For four years, my mother begged me to watch a dramatic series on ABC. But I never did.
But now, for more than two months, I have been Netflixing DVDs of that show. The DVD arrives, I watch it, mail it back, and a new one comes in a few days.
The show concerns a large family in a large house surrounded by conversations, secrets, parties, and glowing rooms full of fireplaces, flowers, and piping hot mugs of coffee that the characters pass to each other.
It takes place primarily in Pasadena, and Los Angeles, and sometimes Ojai. This is my Southland, a place without poverty, where everyone is on their way up, forever getting promoted to CFO, President, Senator’s Wife, and Head Chef. You can bid on a mansion and win it and then hand it over to your mom. You can inherit two million dollars even after you find out that your father is not really your father. People on this show leave jobs and get job offers; they sleep with beautiful people who are never fat, Armenian, Latino or Asian. They jump into pools wearing clothes, jump into bed unclothed; beat addiction and beat themselves up. But they always persevere and move on.
And almost every male character is covered in facial stubble. It looks great on them, because it imparts an aura of earthiness and honesty, realness and virility. I need to stop shaving, just for one day, but I admit that the lure of warm cream and sharp razor, lather and rinsing is just too hard to resist.
They walk uninvited into offices or homes, driving, for example, from Bakersfield to Pasadena, without calling first. Or they drive from LA to Arizona on a whim. I will have to try this one day when I am bored in Van Nuys and get an urge to go to Portland.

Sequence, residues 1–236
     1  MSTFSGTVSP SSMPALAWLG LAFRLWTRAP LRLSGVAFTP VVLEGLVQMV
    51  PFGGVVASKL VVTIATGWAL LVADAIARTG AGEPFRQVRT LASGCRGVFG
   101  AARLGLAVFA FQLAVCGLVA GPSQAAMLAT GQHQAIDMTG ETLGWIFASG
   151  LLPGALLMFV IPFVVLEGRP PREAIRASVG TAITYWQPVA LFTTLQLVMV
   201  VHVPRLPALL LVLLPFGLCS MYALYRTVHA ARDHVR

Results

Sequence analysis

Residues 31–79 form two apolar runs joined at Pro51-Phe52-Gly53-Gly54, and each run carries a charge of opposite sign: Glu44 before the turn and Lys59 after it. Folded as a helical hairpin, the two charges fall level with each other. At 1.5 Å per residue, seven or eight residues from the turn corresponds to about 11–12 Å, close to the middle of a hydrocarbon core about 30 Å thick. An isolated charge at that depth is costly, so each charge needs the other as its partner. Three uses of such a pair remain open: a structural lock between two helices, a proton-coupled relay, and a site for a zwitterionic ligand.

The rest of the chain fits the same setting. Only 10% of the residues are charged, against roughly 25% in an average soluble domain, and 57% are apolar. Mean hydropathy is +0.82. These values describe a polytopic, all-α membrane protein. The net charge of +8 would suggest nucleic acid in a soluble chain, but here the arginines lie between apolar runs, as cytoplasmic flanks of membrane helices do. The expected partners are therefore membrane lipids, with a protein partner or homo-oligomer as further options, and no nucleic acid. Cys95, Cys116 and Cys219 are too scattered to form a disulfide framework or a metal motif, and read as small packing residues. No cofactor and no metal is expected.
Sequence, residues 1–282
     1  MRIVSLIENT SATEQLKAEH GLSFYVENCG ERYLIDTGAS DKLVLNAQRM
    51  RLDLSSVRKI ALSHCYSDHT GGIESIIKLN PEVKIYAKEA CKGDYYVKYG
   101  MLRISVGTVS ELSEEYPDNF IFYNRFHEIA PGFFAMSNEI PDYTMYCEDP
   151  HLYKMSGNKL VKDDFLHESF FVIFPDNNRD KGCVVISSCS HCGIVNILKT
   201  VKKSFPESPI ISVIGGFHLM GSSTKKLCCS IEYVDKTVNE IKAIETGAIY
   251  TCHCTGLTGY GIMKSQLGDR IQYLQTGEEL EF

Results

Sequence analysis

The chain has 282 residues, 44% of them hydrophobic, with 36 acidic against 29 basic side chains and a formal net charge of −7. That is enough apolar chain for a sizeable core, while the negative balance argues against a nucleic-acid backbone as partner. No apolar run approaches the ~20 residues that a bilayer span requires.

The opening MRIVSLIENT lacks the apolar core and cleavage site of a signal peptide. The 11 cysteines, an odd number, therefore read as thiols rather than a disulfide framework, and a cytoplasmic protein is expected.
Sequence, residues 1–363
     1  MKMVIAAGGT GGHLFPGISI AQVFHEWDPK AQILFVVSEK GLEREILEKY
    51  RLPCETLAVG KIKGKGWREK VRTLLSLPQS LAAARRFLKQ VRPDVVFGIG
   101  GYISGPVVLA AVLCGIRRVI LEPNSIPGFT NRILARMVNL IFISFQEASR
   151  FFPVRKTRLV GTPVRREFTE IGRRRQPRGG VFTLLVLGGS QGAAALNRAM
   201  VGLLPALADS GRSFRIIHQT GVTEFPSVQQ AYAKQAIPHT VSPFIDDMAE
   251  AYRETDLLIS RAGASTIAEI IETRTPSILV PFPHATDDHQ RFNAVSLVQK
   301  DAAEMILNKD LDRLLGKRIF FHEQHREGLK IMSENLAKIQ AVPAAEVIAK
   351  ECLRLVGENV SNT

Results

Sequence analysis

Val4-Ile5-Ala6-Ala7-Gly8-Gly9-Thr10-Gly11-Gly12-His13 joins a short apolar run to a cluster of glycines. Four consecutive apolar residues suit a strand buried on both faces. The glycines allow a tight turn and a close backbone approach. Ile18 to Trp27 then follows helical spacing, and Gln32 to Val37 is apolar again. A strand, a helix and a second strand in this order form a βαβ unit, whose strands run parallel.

And they drink. And drink. And drink. There are bubbles of champagne and big glasses of red wine, passed, of course, from character to character. When people fight, they pour a drink. When they celebrate, they pour a drink. When they are happy, they drink.
And they eat. A lot. Their enormous flower, appliance and armoire-filled kitchen is the size of a three-car garage and they have a special white porcelain sink that seems to be illuminated from within, radiating a glow that hits every character who takes a dish to the sink. There are plates of appetizers, bowls of salads, steaming roasts, and buckets of ice cream. The characters like to eat ice cream out of the bucket, but nobody, of course, has a waist wider than 3o inches.
The characters wear clothes color coordinated to the décor. Women in white go into red and blue spaces, while brown walls call for deep blue sweaters. And there are usually twinkling lights on any nighttime bush or tree.
Inexplicably, the very detailed set designers have put a panorama of NYC’s Madison Avenue into the steel framed window of the downtown LA office where a food exporting company is located. Perhaps the backdrops come from the same stagers who put a 1975 skyscraper into the 1962 office of “Mad Men’s” Roger Sterling.
But fantasy stories about real places are seductive. The viewer must ignore unreal views and keep his eye on the interior actors. They keep you watching and you become a believer in a clan better than the one you were born into.
I have driven around LA, and passed through Van Nuys, Reseda, Northridge and the Inland Empire. I have gone through Vernon and Bell, Pacoima and Pomona, El Monte and East Los Angeles, Compton, Carson, Downey, Huntington Park and Temple City.
And in these far flung and inhospitable and banal cities, where the air is as toxic as poison gas, and the sun shines through brown tinted clouds, I have not found anything that looks as good as the vision of California on Bubbles and Stubble.
There are lucky people who live a world where family members confide in each other, where illegitimate and cheating people inherit jobs, money, love, security and acceptance; where happenstance brings romance to the lonely, jobs to the unemployed; and no character wants for anything that his writer can provide.
I need to find this place, of community and brotherly love, but the guards at the studio will not let me in.